The northeastern Indian state of Assam has been witnessing large-scale violence since around a week. India’s northeastern regions are a highly diverse place, supporting around 200 ethnic and tribal groups. Nearly a 100 people have been killed, many more are missing, and around 400,000 people have been displaced and are now living in relief camps as the violence continues. Such violence between the the indigenous population and recent immigrants started in the 1970s, with massacres occurring at various times, and these tensions have risen once more.
But, the purpose of this piece is not to discuss this topical question, but to start exploring an even longer history of resistance and violence between the indigenous residents of Assam and the Indian state. This very violent past offers quite an interesting perspective on modern, democratic India. It would be instructive to understand what has happened in Assam since the British left the subcontinent as it shows the strengths and weaknesses of the current political structure in India, and sheds a light on other important conflicts, such as the one in Kashmir. The noted British historian, Perry Anderson, has written a series of very insightful, and thought-provoking articles on India in the London Review of Books. Below is one long excerpt from his article, ‘After Nehru’, which sheds some light on the Assam issue.
“On the symmetrical wing of the union to the east, matters were no better. There the British had conquered an area larger than UP, most of it composed of the far end of what James Scott has described as the Appalachia of South-East Asia: densely forested mountainous uplands inhabited by tribal peoples of Tibeto-Mongoloid origin untouched by Hinduism, with no historical connection to any subcontinental polity. In the valleys, three Hindu kingdoms had long existed, the oldest in Manipur, the largest in Assam. The region had lain outside the Maurya and Gupta Empires, and had resisted Mughal annexation. But by the early 19th century Assam had fallen to Burmese expansion, and when the British seized it from Burma they did not reinstate its dynasty, while leaving princely rule in the much smaller states of Manipur and Tripura in place. The spread of tea plantations and logging made Assam a valuable province of the Raj, but the colonial authorities took care to separate the tribal uplands from the valleys, demarcating large zones throughout the region with an ‘Inner Line’ and classifying them as ‘Excluded and Unadministered Areas’, which they made little effort to penetrate. So remote were these from anything to do with India, even as constituted by the Victorian Empire, that when Burma was detached from the Raj in 1935, officials came close to allocating them to Rangoon rather than Delhi.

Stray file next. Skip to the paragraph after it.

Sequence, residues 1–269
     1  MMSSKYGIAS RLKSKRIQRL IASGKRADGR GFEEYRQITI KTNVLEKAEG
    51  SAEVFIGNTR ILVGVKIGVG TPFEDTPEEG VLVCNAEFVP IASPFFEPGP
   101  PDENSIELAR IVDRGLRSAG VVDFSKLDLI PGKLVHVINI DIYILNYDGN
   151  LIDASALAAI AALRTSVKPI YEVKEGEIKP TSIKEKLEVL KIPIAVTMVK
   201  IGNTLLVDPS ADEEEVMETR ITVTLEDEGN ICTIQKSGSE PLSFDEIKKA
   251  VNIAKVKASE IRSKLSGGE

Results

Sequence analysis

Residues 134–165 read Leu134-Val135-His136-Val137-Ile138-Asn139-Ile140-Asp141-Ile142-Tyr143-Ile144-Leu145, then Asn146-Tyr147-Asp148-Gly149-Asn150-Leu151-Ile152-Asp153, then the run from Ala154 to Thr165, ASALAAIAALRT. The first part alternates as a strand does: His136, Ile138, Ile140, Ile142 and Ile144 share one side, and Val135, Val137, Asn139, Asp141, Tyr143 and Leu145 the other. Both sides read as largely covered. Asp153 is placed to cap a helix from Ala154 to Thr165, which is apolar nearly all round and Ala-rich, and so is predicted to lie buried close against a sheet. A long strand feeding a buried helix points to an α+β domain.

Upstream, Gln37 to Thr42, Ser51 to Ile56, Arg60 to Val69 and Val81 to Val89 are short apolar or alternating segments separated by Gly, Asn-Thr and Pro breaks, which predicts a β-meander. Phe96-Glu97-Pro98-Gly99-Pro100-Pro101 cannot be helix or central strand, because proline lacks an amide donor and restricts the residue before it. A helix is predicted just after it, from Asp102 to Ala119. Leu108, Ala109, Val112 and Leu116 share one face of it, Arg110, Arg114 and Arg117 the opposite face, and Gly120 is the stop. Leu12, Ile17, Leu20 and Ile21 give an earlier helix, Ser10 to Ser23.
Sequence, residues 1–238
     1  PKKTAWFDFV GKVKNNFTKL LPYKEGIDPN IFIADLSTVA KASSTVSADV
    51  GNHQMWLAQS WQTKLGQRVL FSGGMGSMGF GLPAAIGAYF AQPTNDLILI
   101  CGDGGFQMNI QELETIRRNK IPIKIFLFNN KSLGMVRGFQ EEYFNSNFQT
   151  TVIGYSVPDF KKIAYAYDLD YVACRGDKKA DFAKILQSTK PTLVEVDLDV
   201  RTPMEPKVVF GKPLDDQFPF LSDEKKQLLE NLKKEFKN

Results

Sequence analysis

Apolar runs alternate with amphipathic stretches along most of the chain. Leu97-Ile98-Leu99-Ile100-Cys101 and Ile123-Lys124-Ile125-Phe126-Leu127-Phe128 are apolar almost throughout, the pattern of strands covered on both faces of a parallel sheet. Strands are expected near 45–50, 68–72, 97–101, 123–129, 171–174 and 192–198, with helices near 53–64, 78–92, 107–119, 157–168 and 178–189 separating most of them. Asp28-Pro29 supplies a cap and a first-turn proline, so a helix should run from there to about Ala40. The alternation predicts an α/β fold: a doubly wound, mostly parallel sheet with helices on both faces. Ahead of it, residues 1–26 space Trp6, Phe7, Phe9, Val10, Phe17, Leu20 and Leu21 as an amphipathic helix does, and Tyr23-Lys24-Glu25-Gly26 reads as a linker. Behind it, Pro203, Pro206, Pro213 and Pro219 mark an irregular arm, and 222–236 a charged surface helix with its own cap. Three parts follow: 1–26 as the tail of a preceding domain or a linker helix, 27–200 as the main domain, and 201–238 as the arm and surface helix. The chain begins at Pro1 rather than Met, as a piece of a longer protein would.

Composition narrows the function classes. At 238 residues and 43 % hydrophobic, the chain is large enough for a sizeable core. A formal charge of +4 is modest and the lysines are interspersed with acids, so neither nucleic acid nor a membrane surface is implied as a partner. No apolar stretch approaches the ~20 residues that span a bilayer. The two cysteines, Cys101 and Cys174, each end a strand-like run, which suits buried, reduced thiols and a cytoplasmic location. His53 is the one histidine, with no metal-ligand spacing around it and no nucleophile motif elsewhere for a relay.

The arrival of independence would, in its own way, make the links of the North-East to the rest of India even more tenuous. For after partition, only a thin corridor, at its narrowest some 12 miles wide, connected it to the body of the union. Just 2 per cent of its borders were now contiguous with India – 98 per cent with Bangladesh, Burma, China, Nepal and Bhutan. Manipur had no direct road connection to India at all. Confronted with difficulties like these, the Congress leaders did not stand on ceremony. The ruler of Manipur had not been rounded up along with his fellow princes by V.P. Menon in 1947, and by 1949 was resisting full integration. Briefed on the problem, Patel had just one short question: ‘Isn’t there a brigadier in Shillong?’ Within days, the maharajah was kidnapped in Shillong, cut off from the outside world and made at gunpoint to sign his kingdom into oblivion. With it went the elected assembly of the state, which for the next decade was ruled – like Tripura, brigaded into the union at the same time – with no pretence at popular consultation by a commissioner from Delhi.